Study on hospital stays contributes to Hispanic Paradox
To further study the Hispanic Mortality Paradox -- why Hispanics in the US tend to outlive non-Hispanic whites by several years -- University of North Texas psychologist John Ruiz examined length of hospital stays for Hispanics, whites and blacks at the same hospital over 12 months. His research team discovered that Hispanics were hospitalized for significantly fewer days than patients in the other groups, suggesting faster and more complete recoveries.

Contact: Nancy Kolsti
nancy.kolsti@unt.edu
940-565-3509
University of North Texas

Public Release: 17-Nov-2014
Journal of the Academy of Marketing Science
One firm's loss is another's gain
Good news for savvy businesses: customers who walk through your doors unhappy with another firm's service can be won back with simple gestures of goodwill.

Contact: Andy Henion
henion@msu.edu
517-355-3294
Michigan State University

Public Release: 17-Nov-2014
Nature Communications
Chlamydia knock out the body's own cancer defence
By breaking down the cancer-suppressing protein p53, Chlamydia prevent programmed cell death and thereby favour the process of cancer development

Contact: Thomas F. Meyer
meyer@mpiib-berlin.mpg.de
49-302-846-0400
Max-Planck-Gesellschaft

Public Release: 17-Nov-2014
Metallomics
Women's fertility linked to detox element in diet
University of Adelaide research has for the first time shown how much of a critical role the natural antioxidant selenium plays at the earliest stages of a woman's fertility.
Australian Research Council, National Health and Medical Research Council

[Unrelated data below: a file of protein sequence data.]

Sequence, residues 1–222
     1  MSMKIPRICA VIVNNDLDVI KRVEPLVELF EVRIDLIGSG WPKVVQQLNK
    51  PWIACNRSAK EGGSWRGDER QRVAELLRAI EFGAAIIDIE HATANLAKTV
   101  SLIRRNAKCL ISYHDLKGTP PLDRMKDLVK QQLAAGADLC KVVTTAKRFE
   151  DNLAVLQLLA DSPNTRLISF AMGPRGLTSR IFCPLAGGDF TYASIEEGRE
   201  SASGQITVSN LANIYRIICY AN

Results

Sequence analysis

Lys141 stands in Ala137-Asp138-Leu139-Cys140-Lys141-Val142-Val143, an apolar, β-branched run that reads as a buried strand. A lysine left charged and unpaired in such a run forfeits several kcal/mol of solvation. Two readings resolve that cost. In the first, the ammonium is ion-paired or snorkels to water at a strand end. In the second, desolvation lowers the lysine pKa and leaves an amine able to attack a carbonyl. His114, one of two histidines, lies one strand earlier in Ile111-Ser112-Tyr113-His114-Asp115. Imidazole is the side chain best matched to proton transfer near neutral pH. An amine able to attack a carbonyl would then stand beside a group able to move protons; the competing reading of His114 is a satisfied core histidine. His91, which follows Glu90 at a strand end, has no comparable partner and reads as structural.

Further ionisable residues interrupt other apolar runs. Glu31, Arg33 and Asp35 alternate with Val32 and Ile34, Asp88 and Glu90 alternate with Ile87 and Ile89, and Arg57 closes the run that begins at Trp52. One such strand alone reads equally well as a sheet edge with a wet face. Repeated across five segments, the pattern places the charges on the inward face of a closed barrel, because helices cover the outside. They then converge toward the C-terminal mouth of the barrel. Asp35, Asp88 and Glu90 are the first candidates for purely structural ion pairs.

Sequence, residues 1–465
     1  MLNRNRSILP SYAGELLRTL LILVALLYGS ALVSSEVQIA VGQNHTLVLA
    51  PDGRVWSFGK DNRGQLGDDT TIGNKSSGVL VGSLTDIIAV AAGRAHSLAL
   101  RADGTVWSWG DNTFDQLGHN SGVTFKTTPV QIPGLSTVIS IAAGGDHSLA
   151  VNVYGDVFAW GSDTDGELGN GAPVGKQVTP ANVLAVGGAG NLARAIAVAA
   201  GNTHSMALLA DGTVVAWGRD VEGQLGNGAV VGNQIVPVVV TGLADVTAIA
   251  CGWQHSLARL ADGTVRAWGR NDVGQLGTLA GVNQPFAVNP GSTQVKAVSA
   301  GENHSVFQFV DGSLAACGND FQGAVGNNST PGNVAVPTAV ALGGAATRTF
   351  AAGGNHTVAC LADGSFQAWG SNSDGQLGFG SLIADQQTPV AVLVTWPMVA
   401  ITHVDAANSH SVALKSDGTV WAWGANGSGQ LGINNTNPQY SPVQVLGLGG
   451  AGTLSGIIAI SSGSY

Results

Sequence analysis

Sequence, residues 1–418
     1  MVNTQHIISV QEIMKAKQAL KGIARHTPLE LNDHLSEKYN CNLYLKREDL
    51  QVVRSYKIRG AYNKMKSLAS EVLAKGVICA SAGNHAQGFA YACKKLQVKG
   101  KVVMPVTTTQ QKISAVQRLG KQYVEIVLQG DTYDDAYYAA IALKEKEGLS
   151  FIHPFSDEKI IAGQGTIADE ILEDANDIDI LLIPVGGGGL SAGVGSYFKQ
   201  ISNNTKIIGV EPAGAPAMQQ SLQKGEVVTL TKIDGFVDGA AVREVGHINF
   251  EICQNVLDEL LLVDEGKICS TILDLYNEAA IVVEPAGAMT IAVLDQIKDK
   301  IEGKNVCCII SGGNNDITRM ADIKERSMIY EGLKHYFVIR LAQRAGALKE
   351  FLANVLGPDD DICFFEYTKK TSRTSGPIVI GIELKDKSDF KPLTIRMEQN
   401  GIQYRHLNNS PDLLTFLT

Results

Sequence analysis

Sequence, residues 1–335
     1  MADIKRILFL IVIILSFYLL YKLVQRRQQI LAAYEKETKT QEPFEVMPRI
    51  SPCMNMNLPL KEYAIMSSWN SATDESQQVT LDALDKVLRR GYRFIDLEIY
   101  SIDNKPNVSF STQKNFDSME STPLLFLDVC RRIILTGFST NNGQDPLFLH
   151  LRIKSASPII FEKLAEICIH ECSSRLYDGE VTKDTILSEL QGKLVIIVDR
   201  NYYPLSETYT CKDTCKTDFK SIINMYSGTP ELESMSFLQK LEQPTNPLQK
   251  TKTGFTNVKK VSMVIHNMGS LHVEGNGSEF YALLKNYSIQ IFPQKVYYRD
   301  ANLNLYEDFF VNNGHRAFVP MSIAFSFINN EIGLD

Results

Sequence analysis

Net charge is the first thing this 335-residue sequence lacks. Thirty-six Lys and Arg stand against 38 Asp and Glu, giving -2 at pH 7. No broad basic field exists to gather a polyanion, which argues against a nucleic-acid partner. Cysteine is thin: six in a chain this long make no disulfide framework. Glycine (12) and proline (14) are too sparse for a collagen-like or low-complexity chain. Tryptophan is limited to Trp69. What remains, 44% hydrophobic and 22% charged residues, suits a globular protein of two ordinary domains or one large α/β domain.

Contact: Melanie Ceko
melanie.ceko@adelaide.edu.au
University of Adelaide

Public Release: 17-Nov-2014
Nature Genetics
A new genetic cause for a progressive form of epilepsy identified
An international research consortium has discovered a new gene underlying progressive myoclonus epilepsy, one of the most devastating forms of epilepsy. The study showed that a single mutation in a potassium ion channel gene underlies a substantial proportion of unsolved cases. It is estimated that the mutation is carried by hundreds of patients worldwide. The study utilized modern DNA sequencing technologies, which have revolutionized genetic research of rare, severe diseases.

Contact: Anna-Elina Lehesjoki
anna-elina.lehesjoki@helsinki.fi
358-505-058-894
University of Helsinki

Public Release: 17-Nov-2014
Cell Reports
Side effects of possible anti-cancer strategy discovered
The Malt1 protein is one of the most important control centers in human immune cells and a real all-rounder. Genetic defects in it can lead to the development of lymphatic cancer (lymphoma). A possible therapeutic approach is therefore to specifically block certain functions of Malt1, thus destroying the cancer cells. Now, however, scientists at Technische Universität München have shown in a mouse model that such a blockade can cause serious side effects.

Contact: Vera Siegler
vera.siegler@tum.de
49-892-892-2731